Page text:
Like the drug war itself, the battle against corruption is at its height, but the United States may finally be starting to get wise. This January, after much delay in the Senate, President Obama finally signed Senator Mark Pryor’s Anti-Border Corruption Act into law, in a bid to prevent prevent corrupt agents from being hired or retained. It makes polygraph tests mandatory for all applicants for C.B.P. law enforcement positions—the requirement has to be implemented within two years, giving the agency time to hire and train examiners. The bill also requires C.B.P. to initiate background checks on all 19,000 backlogged employees, so many resignations are expected as the cartels’ informants jump ship.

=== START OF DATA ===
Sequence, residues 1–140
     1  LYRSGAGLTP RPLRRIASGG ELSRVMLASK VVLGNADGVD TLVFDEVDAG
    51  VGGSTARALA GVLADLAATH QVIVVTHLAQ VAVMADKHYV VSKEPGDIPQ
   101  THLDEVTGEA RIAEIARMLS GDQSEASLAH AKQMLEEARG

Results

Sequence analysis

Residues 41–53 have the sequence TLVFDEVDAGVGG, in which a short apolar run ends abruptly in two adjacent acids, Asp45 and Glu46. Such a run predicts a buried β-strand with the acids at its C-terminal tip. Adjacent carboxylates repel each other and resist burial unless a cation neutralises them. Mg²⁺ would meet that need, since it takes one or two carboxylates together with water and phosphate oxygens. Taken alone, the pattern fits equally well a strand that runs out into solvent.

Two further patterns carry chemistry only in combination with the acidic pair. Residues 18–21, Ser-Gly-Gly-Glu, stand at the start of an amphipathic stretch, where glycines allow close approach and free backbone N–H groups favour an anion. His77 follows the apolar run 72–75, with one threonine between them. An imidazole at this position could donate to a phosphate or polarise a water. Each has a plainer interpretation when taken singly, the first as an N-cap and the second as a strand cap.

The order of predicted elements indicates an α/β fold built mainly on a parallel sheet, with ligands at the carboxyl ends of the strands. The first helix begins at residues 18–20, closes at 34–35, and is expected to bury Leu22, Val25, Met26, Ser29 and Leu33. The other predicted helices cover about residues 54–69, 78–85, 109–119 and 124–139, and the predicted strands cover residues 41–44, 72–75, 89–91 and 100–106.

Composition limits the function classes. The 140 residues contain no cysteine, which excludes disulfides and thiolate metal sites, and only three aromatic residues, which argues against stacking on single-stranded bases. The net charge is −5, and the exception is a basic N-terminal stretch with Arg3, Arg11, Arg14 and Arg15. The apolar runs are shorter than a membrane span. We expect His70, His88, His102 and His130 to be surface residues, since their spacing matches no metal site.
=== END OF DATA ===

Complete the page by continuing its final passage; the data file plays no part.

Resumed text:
Corruption doesn’t keep the drug war going on its own—it’s also fanned by the vast sums earned by cartels and corrupt politicians, by America’s never-ending desire for drugs, and even by federal agencies’ reliance on having a war to fight in order to retain their multi-million annual budgets. But in most news articles on the drug war, border agents are portrayed as brave men and women who routinely risk their lives to protect Americans from the dregs across the border. No doubt, many of them are. A significant number of American agents have decided though, that if you can’t beat them, join them. Americans, it turns out, are just as corruptible as anyone else. It was the Mexican cartels—luckily for them—who were the first to see it.

Additional reporting by Will Godfrey